Visit: http://telluridemtnschool.org/curriculum/ib-program/learner-profile-en(2)

7/8 Grand Gulch

img_2565This fall, seventh and eighth grade students from the Telluride Mountain School backpacked through the picturesque canyons of Grand Gulch in Southeast Utah.  The group learned to how to pack a pack, cook with a camping stove, read topographical maps, and keep a tidy campsite by following “leave no trace” guidelines.  In addition, they also strengthened some less tangible skills, such as teamwork, perseverance, and leadership.  The students developed greater independence, decision-making, and communication skills and were given the opportunity to put these skills into practice as they guided themselves through the final portion of the trail without instructors.  While the trip contained many physical challenges, students developed confidence in tackling their fears of the unknown and managed to extend their physical thresholds.dsc_0425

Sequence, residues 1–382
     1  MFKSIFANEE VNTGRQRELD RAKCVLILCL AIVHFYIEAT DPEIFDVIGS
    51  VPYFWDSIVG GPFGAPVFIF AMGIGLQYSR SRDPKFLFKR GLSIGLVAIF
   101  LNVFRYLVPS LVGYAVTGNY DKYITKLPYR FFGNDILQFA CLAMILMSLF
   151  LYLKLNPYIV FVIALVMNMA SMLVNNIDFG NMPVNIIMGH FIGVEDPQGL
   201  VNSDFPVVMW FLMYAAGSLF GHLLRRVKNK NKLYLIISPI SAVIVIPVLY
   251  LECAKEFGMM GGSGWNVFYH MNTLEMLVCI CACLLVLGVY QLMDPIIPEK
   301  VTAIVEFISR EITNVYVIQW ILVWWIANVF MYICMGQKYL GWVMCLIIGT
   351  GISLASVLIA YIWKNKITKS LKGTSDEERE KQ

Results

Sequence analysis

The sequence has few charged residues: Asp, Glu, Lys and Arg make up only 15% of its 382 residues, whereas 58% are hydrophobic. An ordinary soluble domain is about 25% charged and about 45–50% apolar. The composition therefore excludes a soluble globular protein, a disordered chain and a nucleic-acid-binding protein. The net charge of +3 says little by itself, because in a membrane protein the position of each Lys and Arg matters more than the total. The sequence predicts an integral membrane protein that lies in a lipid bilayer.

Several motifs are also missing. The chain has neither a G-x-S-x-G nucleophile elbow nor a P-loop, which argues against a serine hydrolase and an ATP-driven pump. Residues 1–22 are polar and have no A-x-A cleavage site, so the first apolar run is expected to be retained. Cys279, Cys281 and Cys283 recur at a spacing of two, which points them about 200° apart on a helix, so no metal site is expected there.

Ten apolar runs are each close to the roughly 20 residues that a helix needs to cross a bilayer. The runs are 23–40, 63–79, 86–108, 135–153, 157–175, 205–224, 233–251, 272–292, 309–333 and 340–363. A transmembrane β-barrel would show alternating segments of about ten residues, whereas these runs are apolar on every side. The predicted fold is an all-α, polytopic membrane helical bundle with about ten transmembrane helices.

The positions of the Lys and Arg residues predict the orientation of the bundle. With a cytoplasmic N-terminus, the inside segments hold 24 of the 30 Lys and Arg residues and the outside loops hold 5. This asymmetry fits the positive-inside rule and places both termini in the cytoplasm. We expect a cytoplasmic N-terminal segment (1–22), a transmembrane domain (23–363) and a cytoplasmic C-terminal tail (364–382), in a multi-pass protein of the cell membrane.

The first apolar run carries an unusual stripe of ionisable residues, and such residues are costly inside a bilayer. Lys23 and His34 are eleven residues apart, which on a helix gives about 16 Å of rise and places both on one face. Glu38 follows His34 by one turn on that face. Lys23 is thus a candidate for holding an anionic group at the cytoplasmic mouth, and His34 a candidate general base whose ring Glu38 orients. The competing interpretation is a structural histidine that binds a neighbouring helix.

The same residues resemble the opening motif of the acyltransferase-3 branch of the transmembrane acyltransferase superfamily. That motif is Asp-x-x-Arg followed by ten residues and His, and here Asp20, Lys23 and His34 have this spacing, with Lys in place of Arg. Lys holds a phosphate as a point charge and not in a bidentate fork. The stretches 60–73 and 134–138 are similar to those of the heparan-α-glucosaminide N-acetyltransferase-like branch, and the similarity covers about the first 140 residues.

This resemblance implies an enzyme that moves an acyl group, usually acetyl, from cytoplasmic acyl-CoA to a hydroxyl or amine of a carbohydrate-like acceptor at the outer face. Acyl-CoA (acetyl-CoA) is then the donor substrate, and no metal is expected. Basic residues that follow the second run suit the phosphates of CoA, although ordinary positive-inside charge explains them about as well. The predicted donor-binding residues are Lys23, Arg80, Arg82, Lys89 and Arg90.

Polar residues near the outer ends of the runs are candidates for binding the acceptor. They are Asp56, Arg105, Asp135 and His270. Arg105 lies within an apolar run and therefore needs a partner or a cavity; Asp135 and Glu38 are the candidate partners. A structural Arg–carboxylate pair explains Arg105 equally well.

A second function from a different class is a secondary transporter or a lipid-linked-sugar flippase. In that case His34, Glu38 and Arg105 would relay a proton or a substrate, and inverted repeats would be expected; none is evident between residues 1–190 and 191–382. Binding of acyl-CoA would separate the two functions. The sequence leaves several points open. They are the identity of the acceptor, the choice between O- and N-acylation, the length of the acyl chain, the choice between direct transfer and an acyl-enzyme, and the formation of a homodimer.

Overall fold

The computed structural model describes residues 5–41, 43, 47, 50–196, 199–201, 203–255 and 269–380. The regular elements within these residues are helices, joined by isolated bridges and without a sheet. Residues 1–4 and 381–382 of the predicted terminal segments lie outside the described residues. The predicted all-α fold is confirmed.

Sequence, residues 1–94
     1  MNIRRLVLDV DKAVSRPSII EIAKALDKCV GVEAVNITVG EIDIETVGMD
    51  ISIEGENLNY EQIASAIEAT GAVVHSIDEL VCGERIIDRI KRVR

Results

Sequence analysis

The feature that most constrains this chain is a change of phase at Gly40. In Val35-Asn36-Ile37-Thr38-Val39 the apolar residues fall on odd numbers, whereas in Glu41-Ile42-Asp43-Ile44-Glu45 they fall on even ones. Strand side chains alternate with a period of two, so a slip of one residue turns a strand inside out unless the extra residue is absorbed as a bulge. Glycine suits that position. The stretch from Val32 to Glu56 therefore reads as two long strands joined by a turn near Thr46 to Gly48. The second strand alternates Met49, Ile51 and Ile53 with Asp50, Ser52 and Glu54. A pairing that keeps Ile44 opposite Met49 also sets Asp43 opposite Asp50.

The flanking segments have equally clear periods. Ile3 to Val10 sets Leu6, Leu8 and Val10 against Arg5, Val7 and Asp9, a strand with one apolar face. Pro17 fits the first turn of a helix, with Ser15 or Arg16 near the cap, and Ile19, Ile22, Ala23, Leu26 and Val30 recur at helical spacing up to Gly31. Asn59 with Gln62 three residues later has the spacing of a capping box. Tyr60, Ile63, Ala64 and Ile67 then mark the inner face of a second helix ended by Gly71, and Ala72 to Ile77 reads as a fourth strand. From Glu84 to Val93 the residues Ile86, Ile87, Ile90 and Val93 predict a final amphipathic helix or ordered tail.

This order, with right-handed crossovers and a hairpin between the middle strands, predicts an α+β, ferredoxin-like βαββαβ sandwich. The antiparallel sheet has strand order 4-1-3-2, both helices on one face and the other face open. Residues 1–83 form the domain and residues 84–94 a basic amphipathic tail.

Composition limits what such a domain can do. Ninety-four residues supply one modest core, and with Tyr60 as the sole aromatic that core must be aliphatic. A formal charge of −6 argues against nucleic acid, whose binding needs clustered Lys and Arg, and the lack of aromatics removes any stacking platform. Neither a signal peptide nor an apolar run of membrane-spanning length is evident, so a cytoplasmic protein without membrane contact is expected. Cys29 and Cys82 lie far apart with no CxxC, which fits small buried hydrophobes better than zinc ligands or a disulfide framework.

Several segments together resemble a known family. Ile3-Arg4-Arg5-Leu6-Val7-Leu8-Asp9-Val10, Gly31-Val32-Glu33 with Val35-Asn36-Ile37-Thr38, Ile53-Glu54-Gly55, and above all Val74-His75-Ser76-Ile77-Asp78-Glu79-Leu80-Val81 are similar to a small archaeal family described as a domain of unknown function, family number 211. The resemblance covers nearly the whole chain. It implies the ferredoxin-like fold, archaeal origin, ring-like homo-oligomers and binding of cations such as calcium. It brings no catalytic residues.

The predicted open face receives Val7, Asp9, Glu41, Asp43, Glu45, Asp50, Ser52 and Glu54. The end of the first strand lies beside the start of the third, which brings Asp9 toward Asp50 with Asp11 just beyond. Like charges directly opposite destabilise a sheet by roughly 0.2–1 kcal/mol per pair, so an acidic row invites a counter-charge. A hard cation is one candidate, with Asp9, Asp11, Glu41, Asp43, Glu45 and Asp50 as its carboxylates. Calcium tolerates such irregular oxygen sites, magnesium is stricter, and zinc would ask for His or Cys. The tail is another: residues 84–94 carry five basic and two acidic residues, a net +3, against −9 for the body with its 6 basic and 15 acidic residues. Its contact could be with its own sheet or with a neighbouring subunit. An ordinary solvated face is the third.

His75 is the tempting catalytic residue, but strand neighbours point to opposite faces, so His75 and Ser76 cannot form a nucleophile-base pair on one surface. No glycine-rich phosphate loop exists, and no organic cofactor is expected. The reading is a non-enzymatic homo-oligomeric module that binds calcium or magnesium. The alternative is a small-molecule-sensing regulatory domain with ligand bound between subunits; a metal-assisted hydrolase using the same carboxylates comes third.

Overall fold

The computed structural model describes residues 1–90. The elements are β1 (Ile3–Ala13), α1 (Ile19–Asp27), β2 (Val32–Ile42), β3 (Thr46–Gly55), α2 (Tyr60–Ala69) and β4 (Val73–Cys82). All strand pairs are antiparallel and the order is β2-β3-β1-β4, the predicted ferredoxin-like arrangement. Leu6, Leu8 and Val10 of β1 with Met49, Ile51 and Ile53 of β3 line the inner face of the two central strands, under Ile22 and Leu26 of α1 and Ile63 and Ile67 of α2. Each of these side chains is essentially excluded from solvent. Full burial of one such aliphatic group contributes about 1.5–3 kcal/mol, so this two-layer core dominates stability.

Historical studies and archeological explorations also played a large role in the trip.  Students visited ruins once inhabited by the Basketmakers and the ancestral Puebloans to learn more about the lifestyles of these people.  Students were able to physically investigate pieces of history left behind, including pottery, living structures, and food scraps to make inferences about how and why the peoples lived as they did.  After learning the migration theory behind the mass exodus of the Cedar Mesa population, students discussed how limited resources may create conflict within a society and made comparisons to modern difficulties with population and resource distribution.

img_3448In addition, there were some strong correlations between the trip and concepts in science class. In addition to the people that inhabited these ruins, the students learned about the anthropologists and archeologists who have been studying the sites.  During the trip the students were introduced to dendrochronology and the analysis of middens.  While students experienced these concepts first hand on the trip, they will transfer this knowledge back to the classroom as they explore ecosystem dynamics and climate change.